PSE&G's position recently was upheld in a regulatory action,fn8, that requires power plant NOx reductions in 22 eastern states throughout the South and Midwest. Furthermore, the utility supports EPA's proposed tightening of national "ambient air quality" standards for ozone and particulates.
The environmental "Agenda for the Future" on PSE&G's website "supports" the TRI. To some observers, this suggests the industry will be hearing a lot more from the company about what constitutes good environmental stewardship.
Among Southern utilities taking action on the NOx front is the Tennessee Valley Authority. It unveiled a "new clean-air strategy" to give the states it serves "greater flexibility for industrial and economic growth in the region." The NOx reductions are expected to cost at least $500 million on top of actions TVA already is taking to comply with the 1990 Clean Air Act amendments.
Perhaps Murray of the Tennessee Conservation League summed it up best by saying "what we're looking for here is progress on some very positive actions that can clean up the environment but also create some new markets for products and services that can help us do that. Whatever happens, we'll end up paying for any changes. So we should try to make them practical ones."
Jim Pierobon is a vice president with Potomac Communications Group Inc. in Washington, D.C., which counsels utilities, energy companies and waste management firms on how to interact with the public and other stakeholders about their environmental performance. More information about TRI can be found at Potomac's website: http://www.pcgpr.com.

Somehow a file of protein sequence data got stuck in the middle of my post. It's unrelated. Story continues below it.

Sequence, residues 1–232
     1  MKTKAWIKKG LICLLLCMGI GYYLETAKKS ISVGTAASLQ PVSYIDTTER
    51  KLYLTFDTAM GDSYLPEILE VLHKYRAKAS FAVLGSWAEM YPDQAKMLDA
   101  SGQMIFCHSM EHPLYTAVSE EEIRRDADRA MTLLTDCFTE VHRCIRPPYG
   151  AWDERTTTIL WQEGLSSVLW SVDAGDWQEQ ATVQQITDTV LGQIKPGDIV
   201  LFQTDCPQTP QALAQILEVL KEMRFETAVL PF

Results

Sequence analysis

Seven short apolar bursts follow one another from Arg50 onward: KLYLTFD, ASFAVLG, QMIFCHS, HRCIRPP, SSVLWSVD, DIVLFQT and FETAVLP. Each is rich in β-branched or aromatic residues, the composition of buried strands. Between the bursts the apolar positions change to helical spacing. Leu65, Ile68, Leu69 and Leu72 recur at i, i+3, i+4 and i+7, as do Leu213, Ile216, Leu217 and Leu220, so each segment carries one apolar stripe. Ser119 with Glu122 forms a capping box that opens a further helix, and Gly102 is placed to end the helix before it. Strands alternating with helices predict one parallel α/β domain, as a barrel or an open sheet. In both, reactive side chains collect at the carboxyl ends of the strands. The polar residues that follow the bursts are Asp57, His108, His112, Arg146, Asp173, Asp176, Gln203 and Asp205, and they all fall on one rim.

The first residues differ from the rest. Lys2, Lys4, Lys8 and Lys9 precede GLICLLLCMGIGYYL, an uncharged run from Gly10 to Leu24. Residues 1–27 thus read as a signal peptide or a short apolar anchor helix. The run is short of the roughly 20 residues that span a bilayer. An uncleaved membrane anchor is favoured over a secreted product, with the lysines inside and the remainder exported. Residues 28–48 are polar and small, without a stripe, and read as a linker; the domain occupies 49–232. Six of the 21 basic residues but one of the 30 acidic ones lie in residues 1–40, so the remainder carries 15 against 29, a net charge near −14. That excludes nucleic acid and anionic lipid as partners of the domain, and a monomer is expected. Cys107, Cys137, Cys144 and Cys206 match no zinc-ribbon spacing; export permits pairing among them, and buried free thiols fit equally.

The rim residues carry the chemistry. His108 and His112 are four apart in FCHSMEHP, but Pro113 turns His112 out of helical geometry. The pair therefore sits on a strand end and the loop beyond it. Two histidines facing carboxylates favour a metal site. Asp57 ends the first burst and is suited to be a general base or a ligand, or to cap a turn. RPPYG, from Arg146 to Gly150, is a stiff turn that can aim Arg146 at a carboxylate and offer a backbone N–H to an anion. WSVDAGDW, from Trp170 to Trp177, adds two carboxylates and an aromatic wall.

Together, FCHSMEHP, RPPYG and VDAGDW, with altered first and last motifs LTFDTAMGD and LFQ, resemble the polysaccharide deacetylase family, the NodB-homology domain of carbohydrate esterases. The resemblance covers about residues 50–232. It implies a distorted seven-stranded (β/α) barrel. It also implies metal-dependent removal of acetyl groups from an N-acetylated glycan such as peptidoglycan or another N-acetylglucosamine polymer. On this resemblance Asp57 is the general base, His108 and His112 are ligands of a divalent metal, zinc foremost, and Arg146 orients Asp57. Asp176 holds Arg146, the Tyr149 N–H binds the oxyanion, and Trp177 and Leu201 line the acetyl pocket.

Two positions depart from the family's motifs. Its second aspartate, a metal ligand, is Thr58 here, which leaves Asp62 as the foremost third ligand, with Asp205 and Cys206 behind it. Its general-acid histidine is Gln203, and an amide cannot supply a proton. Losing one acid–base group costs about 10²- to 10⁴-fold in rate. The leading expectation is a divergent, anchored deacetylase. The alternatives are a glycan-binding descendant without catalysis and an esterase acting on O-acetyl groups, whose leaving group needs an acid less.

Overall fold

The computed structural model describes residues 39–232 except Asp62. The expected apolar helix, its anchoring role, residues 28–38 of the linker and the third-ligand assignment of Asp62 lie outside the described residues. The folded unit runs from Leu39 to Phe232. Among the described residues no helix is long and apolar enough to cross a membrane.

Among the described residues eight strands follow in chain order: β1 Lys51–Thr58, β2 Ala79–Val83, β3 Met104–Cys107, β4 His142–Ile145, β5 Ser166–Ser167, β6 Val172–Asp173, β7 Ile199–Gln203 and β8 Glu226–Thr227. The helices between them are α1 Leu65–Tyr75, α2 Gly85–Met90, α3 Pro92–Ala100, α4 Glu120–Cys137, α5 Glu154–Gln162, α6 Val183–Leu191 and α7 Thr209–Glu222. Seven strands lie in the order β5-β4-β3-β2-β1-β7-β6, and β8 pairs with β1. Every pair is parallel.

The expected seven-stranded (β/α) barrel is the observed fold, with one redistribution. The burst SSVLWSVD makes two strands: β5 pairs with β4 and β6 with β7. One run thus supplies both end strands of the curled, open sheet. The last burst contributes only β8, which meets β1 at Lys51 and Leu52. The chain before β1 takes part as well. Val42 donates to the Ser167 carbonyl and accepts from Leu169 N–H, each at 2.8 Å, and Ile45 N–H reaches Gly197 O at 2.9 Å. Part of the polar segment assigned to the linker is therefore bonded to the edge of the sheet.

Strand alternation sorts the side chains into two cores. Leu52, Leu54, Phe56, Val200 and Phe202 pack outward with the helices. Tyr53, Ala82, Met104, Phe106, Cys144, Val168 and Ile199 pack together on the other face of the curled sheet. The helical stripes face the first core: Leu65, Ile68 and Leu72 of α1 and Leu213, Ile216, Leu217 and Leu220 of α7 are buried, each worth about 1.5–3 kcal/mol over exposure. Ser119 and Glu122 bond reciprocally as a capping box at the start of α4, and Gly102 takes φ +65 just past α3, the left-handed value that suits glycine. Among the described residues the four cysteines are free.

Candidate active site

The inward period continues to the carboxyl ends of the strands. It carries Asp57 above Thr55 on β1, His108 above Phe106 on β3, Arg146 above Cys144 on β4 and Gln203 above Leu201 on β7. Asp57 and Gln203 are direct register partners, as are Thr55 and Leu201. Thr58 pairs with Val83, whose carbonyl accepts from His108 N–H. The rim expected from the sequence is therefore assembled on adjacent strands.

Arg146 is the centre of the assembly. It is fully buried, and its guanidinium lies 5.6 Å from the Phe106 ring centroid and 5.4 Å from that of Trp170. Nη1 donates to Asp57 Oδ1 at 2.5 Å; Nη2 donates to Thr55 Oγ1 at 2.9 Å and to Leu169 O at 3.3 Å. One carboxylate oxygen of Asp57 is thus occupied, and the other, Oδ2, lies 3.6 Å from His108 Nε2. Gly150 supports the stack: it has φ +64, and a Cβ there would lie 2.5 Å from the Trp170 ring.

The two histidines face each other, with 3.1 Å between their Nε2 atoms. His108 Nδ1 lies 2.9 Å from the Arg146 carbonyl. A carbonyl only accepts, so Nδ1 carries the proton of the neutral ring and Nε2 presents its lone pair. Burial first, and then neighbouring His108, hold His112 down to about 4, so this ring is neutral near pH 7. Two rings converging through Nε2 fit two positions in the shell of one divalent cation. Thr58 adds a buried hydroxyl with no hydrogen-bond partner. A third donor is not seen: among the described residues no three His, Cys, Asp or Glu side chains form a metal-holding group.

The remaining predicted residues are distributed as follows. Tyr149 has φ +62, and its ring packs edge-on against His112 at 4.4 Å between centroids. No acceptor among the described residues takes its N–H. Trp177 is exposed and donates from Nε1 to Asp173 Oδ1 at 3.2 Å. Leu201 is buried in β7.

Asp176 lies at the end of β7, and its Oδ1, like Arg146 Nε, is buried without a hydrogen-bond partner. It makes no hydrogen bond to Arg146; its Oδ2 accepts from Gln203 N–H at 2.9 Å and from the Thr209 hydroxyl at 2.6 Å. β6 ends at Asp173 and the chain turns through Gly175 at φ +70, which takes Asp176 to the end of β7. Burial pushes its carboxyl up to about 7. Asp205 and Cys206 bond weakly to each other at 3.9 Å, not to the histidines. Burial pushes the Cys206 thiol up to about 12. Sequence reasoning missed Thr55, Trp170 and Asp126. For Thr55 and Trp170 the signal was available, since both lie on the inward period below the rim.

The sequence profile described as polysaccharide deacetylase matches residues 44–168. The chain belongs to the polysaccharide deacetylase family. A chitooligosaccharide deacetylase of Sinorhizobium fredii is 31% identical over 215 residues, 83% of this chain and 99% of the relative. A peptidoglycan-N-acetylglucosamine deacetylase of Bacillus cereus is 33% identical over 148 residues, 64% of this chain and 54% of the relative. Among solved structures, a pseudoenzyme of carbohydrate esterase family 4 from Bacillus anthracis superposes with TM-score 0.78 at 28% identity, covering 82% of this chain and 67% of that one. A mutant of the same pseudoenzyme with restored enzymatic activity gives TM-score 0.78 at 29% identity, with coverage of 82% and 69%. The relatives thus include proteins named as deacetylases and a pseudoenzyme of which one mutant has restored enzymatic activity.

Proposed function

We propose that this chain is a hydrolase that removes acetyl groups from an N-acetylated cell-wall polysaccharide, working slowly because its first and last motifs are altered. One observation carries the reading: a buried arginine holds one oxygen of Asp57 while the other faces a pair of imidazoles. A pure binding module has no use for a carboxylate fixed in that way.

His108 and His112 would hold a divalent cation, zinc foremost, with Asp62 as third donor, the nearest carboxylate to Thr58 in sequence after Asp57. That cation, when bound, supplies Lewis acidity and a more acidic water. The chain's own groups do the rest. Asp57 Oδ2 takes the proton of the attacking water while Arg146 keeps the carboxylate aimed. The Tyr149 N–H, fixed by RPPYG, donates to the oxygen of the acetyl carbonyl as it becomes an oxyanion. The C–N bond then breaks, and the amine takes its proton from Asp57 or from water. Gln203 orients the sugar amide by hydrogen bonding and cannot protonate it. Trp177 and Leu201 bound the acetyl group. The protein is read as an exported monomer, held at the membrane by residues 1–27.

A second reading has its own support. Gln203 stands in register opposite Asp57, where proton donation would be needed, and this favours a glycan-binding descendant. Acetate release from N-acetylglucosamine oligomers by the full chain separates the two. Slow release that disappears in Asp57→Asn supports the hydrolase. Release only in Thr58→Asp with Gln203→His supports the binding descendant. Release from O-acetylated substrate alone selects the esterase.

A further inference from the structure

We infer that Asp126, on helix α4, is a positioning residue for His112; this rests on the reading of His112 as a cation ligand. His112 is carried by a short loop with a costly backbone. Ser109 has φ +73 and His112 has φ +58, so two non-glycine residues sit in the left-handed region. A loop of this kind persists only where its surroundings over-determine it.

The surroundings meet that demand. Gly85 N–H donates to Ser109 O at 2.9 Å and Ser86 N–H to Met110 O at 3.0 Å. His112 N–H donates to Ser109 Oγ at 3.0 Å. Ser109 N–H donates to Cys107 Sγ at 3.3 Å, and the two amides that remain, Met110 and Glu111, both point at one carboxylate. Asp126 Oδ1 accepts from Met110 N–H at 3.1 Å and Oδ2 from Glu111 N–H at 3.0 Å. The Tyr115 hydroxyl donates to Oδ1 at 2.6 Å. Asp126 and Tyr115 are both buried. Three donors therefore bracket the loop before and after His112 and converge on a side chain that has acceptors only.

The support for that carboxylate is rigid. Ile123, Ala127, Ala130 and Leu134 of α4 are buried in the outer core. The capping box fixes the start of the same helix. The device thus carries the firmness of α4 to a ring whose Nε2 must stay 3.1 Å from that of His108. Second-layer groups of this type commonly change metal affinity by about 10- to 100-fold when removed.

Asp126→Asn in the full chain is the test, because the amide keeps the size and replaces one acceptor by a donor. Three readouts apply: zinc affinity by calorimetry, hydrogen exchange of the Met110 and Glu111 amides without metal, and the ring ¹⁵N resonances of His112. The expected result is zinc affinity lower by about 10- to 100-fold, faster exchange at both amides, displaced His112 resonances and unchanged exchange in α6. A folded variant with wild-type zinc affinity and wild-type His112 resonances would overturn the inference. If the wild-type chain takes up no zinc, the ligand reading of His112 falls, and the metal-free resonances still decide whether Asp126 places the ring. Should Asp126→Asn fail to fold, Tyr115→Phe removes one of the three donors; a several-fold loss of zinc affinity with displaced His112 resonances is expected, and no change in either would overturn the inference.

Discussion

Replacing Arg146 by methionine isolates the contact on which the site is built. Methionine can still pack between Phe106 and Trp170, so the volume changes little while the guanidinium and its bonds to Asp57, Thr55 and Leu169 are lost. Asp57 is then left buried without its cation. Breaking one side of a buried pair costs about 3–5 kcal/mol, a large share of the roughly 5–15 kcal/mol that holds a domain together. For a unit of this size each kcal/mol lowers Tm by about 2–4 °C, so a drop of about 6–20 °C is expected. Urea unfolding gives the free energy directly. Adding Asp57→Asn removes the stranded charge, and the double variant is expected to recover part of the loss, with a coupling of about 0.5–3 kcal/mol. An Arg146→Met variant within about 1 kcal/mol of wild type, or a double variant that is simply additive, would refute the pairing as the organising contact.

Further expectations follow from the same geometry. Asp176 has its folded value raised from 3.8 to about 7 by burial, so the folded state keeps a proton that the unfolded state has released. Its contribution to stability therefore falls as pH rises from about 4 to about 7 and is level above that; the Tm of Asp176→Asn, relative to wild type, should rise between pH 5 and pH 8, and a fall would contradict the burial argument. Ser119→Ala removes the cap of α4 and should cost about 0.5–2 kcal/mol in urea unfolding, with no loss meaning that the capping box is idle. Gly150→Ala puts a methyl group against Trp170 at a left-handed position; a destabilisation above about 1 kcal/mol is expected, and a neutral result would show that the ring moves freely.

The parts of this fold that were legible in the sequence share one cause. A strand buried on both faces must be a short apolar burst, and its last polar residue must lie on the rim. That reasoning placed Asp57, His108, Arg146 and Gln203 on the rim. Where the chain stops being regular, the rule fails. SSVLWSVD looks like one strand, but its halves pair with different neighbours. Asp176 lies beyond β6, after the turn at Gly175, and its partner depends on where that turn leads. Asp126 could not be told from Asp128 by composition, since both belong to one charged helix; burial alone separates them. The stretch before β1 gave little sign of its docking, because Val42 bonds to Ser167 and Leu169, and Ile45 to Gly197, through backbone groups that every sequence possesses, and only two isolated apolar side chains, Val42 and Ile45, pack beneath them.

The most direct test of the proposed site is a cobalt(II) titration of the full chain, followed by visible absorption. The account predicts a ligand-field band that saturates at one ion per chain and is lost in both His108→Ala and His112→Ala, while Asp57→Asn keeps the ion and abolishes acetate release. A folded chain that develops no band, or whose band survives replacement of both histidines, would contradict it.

How Toxic? Tennessee roundtable ranks pollutants
Should companies collaborate on presenting the data?
One such effort, the Tennessee Pollution Prevention Roundtable (formerly the Tennessee 2000 Initiative), represents a partnership of industry, environmental interest groups, government and educational institutions whose mission is to improve the quality of the environment in the volunteer state.
In 1996, the group offered a study of air pollution produced by cars, power plants, manufacturing industries, government institutions, commercial offices and even homes. The study adopted a relative toxicity score first developed by Vanderbilt University professor Edward Thackston and first used by the Tennessee Conservation League.
Such a ranking could also compare emissions and toxicity, according to Richard M. Strang of Eastman Chemical Co. in Tennessee. What this accomplishes remains to be seen.
"We think there's a really big flaw in the TRI criteria," said Ann Murray, executive director of the Conservation League. "What some people might think of as a dangerous release really isn't; and what might appear to be a benign chemical could be very threatening to human health."
Another member of the Roundtable, Alan Jones of the Tennessee Environmental Council, said data submitted to EPA will tell only part of the story. "As it stands today, the TRI report does not include some important pollutants and sources, nor does it address the differing potential health risks of different pollutants released into the atmosphere."
Who's Got Your Data?
Groups that might post your report